Baltimore City Paper

Allegory of the Cave: '20,000 Days on Earth' Spends 24 hours with Nick Cave

Nick Cave, like Narcissus or Miley Cyrus, is a myth. But he's a myth who thinks about myths, writes about them, knows how they work, and builds this knowledge into each new layer of the myth he's becoming. In this he's like a number of poet-musicians of a waning era: Bob Dylan and Neil Young, yeah, but also the beat poets, the blues singers, all the prophet-emulators, the storytellers who slide themselves into their tales. Many consider him gothic and gloomy. It would be more precise to say that he makes somberness comfortable and seductive because he licenses his listeners to affirm the widely unsayable—that depression is a mode of seeing the world for the boring and empty grind that it often really is. The self-aware myth knows that desire and disappointment are dialectically linked, that catharsis is the rare and gorgeous field of light between them. Knowing these rules lets him seduce this light into common being.

“20,000 Days on Earth,” Cave’s new documentary film (co-written with the directors Iain Forsyth and Jane Pollard), chronicles a day in this life, the 20,000th to be exact. It’s a very full day, partially staged, with time to write music, see his therapist, drive leisurely around in the Brighton mizzle, lunch with Warren Ellis of The Bad Seeds, spend an hour or two in his archives, likewise in the studio, eat pizza and catch a spaghetti western with his kids, and front a show. The film builds like a song. From wisps and scraps of dreams it finds flesh with collaborators, shape in the studio, and catharsis before the crowd’s enraptured eyes. It’s a patient, funny, interesting film about what might be one of the most fully actualized lives currently being led. And without ever patronizing or ringing false, it presses home the way that this actualization follows from dissatisfaction, from desire chased but never caught.

Cave is a quiet, tea-drinking person. Until he appears before the crowd, it's hard to remember that he was at a very young age one of the most ferocious punk singers fronting one of the most ferocious punk bands of the '80s. At one point, as Cave peruses a series of photographs documenting a Birthday Party show during which a German gentleman micturated on his bassist, we are reminded of this. Many people feel, during their teenage years and well after, a desperate need to be somebody else—and an attendant willingness to do anything, to risk life and limb, in trying for the satisfaction of escape. (I think the Rolling Stones wrote a song about this.) Few have  documented this need so fully as Cave, and few reflect so intelligently upon it. The contrast between Cave then and Cave now still motivates much internet hate. But it's a lovely occasion for reflection—his and ours.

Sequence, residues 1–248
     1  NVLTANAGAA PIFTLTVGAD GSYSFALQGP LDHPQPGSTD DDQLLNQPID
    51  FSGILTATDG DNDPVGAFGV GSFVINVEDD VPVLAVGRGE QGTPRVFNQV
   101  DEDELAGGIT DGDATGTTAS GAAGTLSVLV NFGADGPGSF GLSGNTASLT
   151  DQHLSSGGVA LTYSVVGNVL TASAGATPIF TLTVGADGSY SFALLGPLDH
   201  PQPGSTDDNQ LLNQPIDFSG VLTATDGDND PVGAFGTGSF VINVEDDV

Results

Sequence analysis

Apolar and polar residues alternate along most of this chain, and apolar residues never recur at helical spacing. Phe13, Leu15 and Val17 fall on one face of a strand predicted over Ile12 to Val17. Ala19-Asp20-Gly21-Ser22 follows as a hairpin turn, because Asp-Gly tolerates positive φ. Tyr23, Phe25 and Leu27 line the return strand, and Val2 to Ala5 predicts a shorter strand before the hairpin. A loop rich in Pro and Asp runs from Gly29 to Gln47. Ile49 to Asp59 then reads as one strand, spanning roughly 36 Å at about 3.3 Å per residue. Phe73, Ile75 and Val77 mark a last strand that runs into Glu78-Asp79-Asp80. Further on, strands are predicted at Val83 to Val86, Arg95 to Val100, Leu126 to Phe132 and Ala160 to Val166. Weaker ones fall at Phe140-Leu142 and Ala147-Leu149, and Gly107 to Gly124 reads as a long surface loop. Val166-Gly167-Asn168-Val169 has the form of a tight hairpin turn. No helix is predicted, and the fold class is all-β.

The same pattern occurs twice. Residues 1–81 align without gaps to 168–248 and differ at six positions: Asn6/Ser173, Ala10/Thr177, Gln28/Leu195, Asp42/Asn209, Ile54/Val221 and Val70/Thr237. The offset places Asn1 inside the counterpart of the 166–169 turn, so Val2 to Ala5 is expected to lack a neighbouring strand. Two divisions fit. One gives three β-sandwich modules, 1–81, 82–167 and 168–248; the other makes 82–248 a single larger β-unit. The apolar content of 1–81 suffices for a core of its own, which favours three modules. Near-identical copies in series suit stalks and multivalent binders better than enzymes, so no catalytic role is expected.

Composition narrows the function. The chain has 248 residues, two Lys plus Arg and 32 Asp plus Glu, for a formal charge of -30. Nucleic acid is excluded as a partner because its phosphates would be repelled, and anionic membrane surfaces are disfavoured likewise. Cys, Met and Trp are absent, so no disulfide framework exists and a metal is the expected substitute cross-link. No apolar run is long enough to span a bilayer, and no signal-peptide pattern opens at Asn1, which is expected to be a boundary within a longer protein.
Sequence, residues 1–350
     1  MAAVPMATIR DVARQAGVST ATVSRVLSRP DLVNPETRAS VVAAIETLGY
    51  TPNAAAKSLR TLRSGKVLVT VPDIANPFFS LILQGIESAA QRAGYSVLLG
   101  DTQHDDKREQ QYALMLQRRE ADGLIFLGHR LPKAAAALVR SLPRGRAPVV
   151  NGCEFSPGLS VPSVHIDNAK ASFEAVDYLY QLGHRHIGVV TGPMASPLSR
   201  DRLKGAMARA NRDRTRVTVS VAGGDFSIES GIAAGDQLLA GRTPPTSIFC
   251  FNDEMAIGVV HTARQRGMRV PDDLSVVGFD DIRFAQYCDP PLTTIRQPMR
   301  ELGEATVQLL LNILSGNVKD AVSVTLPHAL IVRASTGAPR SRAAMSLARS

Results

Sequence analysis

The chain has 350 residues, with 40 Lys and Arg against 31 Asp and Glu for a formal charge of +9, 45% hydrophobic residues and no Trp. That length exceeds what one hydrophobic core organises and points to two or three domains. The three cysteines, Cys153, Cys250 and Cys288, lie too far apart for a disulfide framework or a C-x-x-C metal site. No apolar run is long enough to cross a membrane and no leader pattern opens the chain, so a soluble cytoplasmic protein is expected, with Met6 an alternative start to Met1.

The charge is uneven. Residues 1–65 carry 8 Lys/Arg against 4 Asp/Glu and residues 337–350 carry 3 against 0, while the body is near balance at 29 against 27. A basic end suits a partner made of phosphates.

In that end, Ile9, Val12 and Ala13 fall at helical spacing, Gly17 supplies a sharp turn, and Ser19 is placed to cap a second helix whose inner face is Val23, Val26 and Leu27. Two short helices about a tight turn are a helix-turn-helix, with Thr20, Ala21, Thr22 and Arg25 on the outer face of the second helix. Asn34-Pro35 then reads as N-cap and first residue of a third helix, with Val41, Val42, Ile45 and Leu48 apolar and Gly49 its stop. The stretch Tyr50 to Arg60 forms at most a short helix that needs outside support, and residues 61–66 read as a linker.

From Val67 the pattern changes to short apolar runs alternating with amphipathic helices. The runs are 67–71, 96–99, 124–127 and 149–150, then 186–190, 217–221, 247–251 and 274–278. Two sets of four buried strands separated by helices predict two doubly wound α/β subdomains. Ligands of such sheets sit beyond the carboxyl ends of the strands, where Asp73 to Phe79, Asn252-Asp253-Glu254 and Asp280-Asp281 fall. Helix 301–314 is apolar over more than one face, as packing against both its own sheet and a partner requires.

And it brings out an important corollary to Cave’s thesis about the springing of art from impossible desire. At one point, Cave notes that his children lack the chance he had to be reckless with their lives. Rock ‘n’ roll, the movement that caught the world around the middle of the ’50s and saw a late demonic incarnation in punk, was able to happen because it was in opposition to the existing culture at that time. The Greatest Generation never saw it coming, this beautiful religion of Narcissus. But the kids who did peyote at the high school dance are hardly about to let their kids do the same. Surely some new challenge will emerge—is emerging—despite every fence, security camera, drug test, and rent-a-cop in this soft-paranoid space we inhabit. Probably it will have everything to do with knowing how to code. But it won’t be rock ‘n’ roll again. And there will be no Germans micturating on any bassists. At least not live.

"20,000 Days on Earth" ends with a perfect performance at the Sydney Opera House of two of Cave's songs. He gazes into the eyes of the audience and finds life. They look at his and find life too. But the whole lifeworld he inhabits is exhaling, expiring. Cave notes at several points that his songs are about chasing memory—about retelling and recasting those few moments in each life "when the gears of the heart change." He finds the new in pursuit of the past—his own and the world's. This film leaves us with the hope that others will follow this lead, and with the sinking sense that those who do are unlikely to be heard now.